AUGUSTE RODIN (1840-1917)
Génie du Repos Éternel, 1996
193 x 100 x 91 cm (76 x 39 x 36 in)
Markings: Bronze Signature, number and Inscriptions: A Rodin, 8/8 © by Musee Rodin 1996/Fondeur Coubertin, Paris No. Inv com 4253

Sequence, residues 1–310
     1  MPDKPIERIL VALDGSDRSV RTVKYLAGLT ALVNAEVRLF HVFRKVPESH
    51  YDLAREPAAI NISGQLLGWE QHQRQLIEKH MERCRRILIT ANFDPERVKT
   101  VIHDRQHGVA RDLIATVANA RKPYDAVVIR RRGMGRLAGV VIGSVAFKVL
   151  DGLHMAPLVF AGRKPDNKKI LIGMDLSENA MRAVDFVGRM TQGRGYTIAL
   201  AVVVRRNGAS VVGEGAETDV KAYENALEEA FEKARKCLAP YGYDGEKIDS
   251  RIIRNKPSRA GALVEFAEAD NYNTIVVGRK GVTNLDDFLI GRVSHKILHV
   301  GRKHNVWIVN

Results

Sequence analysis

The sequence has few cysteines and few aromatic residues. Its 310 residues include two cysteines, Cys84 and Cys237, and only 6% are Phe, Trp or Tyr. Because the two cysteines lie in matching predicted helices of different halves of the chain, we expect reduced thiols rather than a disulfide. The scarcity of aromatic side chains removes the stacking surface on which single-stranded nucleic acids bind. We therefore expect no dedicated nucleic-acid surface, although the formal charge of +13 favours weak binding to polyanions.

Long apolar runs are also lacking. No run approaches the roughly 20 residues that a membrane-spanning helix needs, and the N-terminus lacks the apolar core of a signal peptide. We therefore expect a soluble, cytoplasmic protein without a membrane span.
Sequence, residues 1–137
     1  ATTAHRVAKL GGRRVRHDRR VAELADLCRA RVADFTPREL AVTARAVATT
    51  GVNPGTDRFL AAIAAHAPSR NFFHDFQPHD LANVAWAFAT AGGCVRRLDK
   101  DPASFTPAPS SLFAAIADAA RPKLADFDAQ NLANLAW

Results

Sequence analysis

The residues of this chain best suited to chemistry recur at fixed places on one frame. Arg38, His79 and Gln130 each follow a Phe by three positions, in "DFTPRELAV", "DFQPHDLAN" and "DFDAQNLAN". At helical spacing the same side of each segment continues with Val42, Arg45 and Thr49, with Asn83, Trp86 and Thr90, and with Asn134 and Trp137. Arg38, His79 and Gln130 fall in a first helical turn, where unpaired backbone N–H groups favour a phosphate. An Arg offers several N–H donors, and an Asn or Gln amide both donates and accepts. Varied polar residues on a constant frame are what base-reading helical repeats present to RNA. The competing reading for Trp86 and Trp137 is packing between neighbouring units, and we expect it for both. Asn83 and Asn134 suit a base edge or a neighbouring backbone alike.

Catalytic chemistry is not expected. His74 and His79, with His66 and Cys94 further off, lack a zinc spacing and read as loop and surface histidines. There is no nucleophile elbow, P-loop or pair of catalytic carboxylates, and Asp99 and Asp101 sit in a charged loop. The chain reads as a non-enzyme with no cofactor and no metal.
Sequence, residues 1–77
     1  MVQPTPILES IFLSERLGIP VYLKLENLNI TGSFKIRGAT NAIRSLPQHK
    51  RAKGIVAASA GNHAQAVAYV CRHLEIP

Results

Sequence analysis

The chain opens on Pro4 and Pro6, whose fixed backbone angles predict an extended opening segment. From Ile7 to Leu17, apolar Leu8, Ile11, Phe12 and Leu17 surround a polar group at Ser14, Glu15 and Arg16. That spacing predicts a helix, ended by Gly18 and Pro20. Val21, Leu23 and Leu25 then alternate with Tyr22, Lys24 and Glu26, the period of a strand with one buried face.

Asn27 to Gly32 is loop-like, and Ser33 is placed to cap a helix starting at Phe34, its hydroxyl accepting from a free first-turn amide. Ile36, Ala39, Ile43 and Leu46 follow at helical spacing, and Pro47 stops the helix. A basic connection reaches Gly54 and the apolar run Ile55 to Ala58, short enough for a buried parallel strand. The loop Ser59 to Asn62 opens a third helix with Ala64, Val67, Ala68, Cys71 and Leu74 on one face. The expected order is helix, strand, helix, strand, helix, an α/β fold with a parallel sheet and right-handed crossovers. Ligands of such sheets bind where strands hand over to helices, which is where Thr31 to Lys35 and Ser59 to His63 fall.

Presented without arms at the exhibition of the Alma pavilion in 1900, this mortuary génie enlarged for the occasion is mentioned for the first time on 15th March 1899, amongst the exhibited works in Brussels. Rodin used it for the Monument à Pulvis de Chavannes, which was ordered a few days later. He adds on different elements: a kind of a small altar, made of a Corinthian capital on a plaster table, that supports the bust of Puvis de Chavannes. On the side, there is the Génie du repos éternel, which appears to be picking apples on a branch full of fruits, displayed obliquely to create a link between the genie and the bust. Very reluctant to abide to the allegory, Rodin made sure not to give the figure any meaning: its title is none other than the title of a well-known antique statue from which it is directly inspired, kept at the musée du Louvre: Le Sommeil or Génie du repos éternel. The sculpture differs, of course, with the torso leaning on its right side to the point of disrupting balance, but the antique reference remains obvious: it is reinforced by the presence of a striking crevasse on the waistline. It is tempting to imagine that there existed a first state, in clay, nicely vertical like the antique version, which Rodin sought to bend until the figure broke at the waistline. As always, he refused to erase the traces of the accident, which were then reproduced for the enlargement.